: The Piper, Part 24 by w.j.debi
Story of the Month contest entry
Piper is a young musician whose grandfather has passed away, leaving Piper an orphan to be raised by the music guild where he is an apprentice. After the funeral, Piper returns alone to play his flute at his grandfather's grave, and a Fae appears--a creature considered swift, strong and deadly--and compliments Piper's flute playing. Captain Burkehart comes to the rescue and escorts Piper back to the castle. During the next few weeks the Fae approaches Piper on several occasions and says he has some secrets he needs to share, but each time they are interrupted by a vigilant Captain Burkehart. Meanwhile, Piper continues his musical education under the direction of the popular performer Master Braun, including traveling with a performing troupe. A wolf attack leaves Piper separated from the musicians and in the hands of the Fae, Redd-Leif Summerstorm who tells Piper he is half-Elven and Piper's Elven mother (Melodica) is alive and wants to see him.
End of previous chapter
A tall Elven hunter flanked by several Elven youths stepped out of the trees. One youngster, a Fae of about ten years, burst from the group and dashed towards them. "Papa, you're back." He reached Redd-Leif and leaped to give him a hug.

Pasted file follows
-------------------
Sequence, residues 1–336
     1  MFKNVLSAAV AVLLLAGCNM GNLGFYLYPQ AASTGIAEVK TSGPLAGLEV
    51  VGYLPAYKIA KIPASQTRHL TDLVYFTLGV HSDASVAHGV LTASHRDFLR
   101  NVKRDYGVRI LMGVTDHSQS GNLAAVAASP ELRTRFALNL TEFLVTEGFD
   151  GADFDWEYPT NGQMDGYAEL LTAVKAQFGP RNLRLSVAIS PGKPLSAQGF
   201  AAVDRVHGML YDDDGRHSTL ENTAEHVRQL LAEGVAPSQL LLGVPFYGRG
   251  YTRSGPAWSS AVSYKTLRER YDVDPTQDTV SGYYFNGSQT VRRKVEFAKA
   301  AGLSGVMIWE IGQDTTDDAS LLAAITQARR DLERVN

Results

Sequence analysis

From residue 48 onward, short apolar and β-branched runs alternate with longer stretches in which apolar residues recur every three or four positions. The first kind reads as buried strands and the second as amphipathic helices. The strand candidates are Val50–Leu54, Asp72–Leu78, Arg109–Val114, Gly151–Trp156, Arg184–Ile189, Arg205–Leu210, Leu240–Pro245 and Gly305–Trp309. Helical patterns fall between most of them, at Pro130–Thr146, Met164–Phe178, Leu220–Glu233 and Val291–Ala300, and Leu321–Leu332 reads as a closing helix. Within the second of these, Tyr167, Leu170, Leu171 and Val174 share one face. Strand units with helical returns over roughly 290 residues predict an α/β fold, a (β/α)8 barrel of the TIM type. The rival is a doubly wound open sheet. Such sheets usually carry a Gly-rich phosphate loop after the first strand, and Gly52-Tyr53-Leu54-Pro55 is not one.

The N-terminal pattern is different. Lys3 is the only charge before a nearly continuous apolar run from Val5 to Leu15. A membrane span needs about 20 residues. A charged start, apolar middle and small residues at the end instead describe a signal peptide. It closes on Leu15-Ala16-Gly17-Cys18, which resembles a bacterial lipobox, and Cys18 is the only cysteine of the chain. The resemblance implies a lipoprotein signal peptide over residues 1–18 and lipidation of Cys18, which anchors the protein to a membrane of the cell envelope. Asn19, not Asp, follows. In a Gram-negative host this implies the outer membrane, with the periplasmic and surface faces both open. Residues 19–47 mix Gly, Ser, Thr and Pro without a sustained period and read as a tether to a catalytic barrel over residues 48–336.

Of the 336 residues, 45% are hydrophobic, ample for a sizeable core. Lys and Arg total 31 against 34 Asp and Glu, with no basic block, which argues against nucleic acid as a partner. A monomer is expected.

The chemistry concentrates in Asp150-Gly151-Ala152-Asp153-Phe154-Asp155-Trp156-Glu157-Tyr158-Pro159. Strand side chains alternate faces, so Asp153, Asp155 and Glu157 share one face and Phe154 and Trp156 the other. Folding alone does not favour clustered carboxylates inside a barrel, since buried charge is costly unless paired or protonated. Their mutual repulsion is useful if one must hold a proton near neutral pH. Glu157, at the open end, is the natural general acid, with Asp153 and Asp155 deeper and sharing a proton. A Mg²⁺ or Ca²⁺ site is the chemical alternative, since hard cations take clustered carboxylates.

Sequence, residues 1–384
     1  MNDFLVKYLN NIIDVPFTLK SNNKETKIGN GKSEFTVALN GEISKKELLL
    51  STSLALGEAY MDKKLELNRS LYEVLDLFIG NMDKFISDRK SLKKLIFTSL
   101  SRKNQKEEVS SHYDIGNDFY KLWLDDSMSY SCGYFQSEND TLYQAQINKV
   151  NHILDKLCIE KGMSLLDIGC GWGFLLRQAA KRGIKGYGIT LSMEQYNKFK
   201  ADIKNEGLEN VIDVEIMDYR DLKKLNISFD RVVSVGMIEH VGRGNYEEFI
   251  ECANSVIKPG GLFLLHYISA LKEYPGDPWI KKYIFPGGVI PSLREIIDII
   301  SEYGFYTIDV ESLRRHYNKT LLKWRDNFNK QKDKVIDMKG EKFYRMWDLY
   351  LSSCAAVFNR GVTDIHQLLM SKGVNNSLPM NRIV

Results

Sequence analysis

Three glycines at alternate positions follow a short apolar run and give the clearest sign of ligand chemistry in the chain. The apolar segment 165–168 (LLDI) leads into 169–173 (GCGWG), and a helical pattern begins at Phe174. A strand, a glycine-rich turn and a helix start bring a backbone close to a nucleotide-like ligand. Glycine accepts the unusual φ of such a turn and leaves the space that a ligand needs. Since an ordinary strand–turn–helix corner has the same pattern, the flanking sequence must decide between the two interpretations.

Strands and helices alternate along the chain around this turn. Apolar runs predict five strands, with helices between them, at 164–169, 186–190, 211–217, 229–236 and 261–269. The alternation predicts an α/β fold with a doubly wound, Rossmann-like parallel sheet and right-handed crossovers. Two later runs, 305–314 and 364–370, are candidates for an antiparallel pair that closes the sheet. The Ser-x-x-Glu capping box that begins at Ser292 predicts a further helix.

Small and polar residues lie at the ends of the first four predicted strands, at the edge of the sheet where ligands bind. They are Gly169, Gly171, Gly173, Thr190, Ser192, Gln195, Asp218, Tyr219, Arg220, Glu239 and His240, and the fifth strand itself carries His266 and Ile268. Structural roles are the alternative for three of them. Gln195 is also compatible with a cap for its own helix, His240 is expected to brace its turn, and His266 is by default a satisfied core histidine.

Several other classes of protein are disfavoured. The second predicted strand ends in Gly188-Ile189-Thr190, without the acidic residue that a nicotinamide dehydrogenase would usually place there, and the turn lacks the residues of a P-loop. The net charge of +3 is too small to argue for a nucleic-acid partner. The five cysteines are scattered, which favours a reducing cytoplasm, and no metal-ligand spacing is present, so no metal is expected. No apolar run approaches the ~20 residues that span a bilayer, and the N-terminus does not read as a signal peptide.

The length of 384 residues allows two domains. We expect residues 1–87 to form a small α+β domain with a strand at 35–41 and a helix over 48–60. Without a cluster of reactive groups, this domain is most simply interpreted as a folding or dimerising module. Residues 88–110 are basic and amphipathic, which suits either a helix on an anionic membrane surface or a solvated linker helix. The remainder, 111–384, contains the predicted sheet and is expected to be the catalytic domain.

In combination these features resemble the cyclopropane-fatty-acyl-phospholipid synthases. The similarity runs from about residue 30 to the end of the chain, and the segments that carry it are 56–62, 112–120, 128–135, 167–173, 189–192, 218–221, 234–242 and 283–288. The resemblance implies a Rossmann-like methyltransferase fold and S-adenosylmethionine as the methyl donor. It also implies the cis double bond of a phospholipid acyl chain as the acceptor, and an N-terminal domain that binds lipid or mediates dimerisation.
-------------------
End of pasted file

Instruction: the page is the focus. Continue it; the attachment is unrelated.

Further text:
Redd-Leif returned the embrace then drew back to look at the youth. "Lynx, I need to talk to you. Now."
But Lynx broke free of Redd-Leif's embrace and bounded over to stand before Piper. A look of wonder exploded into an exuberant smile. "You must be my brother Piper."
Captain Burkehart placed his hand against a tree and leaned forward to study the ground. There was no evidence of recent disturbances in the forest debris or undergrowth. He had hoped to pick up the trail when the sun rose, but his efforts the last two hours had been futile. He resisted the urge to punch something. No sense attracting unwanted attention from pointed-eared creatures.
He rolled his shoulders, rubbed his neck and exhaled in frustration. There hadn't been time to sleep much the past few days, not since he had located and begun following Piper and Summerstorm. Tracking last night was hard enough, especially during a new moon, but avoiding a group of young Elven hunters who had scattered themselves throughout the forest had made it impossible for him to stay on task. And let's not forget the wolves. It's no wonder I've lost Piper. Summerstorm probably has him in the Elven village by now. Burkehart scowled. Fair Folk. Wolves. They love the night, and they protect each other.
Burkehart sat on a rock and took a long drink from his water-skin, wiping his mouth with the back of his hand when he finished. There was nothing else he could do. Piper was lost to the human world. He closed his eyes and clenched his fists.